Google Cloud Platform
Google Cloud Platform (GCP), offered by Google, is a suite of cloud computing services that runs on the same infrastructure that Google uses internally for its end-user products, such as Google Search, Gmail, file storage, and YouTube. Alongside a set of management tools, it provides a series of modular cloud services including computing, data storage, data analytics and machine learning. Registration requires a credit card or bank account details.
|Industry||Web service, cloud computing|
|Launched||April 7, 2008|
In April 2008, Google announced App Engine, a platform for developing and hosting web applications in Google-managed data centers, which was the first cloud computing service from the company. The service became generally available in November 2011. Since the announcement of the App Engine, Google added multiple cloud services to the platform.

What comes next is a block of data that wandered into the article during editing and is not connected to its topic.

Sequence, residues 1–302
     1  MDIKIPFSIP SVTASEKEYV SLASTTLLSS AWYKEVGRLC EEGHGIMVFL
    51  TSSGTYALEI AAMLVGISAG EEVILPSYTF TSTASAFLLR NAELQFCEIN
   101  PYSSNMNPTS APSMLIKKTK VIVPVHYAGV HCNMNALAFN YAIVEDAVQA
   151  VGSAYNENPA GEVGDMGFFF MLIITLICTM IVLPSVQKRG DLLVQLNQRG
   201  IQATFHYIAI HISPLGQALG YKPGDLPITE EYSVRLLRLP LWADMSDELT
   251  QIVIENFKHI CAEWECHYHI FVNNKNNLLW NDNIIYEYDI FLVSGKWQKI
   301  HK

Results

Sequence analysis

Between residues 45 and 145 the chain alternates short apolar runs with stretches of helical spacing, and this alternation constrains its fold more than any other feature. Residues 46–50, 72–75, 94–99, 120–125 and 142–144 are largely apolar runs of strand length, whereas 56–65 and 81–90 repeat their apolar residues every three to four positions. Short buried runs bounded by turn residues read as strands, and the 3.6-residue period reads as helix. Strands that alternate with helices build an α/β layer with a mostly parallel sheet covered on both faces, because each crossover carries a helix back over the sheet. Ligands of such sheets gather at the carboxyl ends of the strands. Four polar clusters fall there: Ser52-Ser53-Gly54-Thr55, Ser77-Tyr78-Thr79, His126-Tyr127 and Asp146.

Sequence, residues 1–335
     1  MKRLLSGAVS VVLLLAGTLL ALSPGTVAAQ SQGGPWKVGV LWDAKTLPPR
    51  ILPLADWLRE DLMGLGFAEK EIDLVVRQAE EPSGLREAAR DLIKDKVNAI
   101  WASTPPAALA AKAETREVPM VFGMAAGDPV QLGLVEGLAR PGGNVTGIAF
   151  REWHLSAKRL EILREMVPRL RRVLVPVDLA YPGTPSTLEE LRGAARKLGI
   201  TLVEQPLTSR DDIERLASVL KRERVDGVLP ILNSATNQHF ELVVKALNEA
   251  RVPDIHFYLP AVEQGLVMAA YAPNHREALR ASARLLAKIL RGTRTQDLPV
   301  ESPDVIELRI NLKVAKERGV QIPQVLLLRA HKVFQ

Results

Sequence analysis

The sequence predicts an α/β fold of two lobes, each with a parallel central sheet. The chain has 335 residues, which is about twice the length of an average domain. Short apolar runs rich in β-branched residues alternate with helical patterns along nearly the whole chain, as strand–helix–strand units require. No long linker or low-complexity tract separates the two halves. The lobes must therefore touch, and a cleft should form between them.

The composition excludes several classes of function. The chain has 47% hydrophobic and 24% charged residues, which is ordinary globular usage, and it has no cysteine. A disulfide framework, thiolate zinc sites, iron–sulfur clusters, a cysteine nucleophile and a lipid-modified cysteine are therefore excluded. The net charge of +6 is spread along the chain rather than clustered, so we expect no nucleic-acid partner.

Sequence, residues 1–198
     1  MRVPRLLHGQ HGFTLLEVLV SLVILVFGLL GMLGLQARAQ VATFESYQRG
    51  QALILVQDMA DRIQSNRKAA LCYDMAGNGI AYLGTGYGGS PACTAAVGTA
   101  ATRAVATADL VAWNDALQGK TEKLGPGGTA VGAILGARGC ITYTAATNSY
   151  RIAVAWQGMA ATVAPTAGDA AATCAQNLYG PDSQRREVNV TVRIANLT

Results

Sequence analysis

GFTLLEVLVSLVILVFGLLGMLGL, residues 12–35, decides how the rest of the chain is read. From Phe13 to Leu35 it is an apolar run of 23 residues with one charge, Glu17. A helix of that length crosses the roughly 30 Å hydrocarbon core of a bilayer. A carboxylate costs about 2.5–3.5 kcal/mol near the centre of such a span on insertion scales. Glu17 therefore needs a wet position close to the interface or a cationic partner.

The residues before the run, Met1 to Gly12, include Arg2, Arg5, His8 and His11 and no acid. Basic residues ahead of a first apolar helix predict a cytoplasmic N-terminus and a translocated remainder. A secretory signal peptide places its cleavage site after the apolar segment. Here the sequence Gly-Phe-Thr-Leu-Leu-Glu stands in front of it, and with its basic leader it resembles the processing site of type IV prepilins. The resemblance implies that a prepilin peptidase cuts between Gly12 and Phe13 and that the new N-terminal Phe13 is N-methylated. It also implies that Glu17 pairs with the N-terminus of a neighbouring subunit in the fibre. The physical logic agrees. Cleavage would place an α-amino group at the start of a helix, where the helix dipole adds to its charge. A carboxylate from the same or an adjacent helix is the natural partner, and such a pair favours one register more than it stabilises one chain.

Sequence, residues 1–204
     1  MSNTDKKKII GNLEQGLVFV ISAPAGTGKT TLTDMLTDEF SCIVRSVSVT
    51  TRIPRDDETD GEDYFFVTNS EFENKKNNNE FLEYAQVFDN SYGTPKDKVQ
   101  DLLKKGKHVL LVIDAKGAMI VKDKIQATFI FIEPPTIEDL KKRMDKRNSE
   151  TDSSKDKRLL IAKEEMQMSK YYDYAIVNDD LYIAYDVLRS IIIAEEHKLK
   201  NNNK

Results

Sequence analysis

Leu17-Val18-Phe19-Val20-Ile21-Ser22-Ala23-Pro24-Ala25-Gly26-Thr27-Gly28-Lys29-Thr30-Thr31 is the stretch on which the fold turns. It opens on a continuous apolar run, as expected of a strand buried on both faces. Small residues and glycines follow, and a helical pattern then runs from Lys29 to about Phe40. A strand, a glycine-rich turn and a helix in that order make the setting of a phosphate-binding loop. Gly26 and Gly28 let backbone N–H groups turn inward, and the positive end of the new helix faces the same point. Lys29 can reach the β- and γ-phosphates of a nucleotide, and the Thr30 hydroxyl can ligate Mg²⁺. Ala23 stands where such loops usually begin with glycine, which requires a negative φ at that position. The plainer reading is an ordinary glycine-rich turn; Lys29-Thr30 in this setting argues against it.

Google Cloud Platform is a part  of Google Cloud, which includes the Google Cloud Platform public cloud infrastructure, as well as Google Workspace (formerly G Suite), enterprise versions of Android and Chrome OS, and application programming interfaces (APIs) for machine learning and enterprise mapping services.
Google lists over 90 products under the Google Cloud brand. Some of the key services are listed below.
- App Engine - Platform as a Service to deploy Java, PHP, Node.js, Python, C#, .Net, Ruby and Go applications.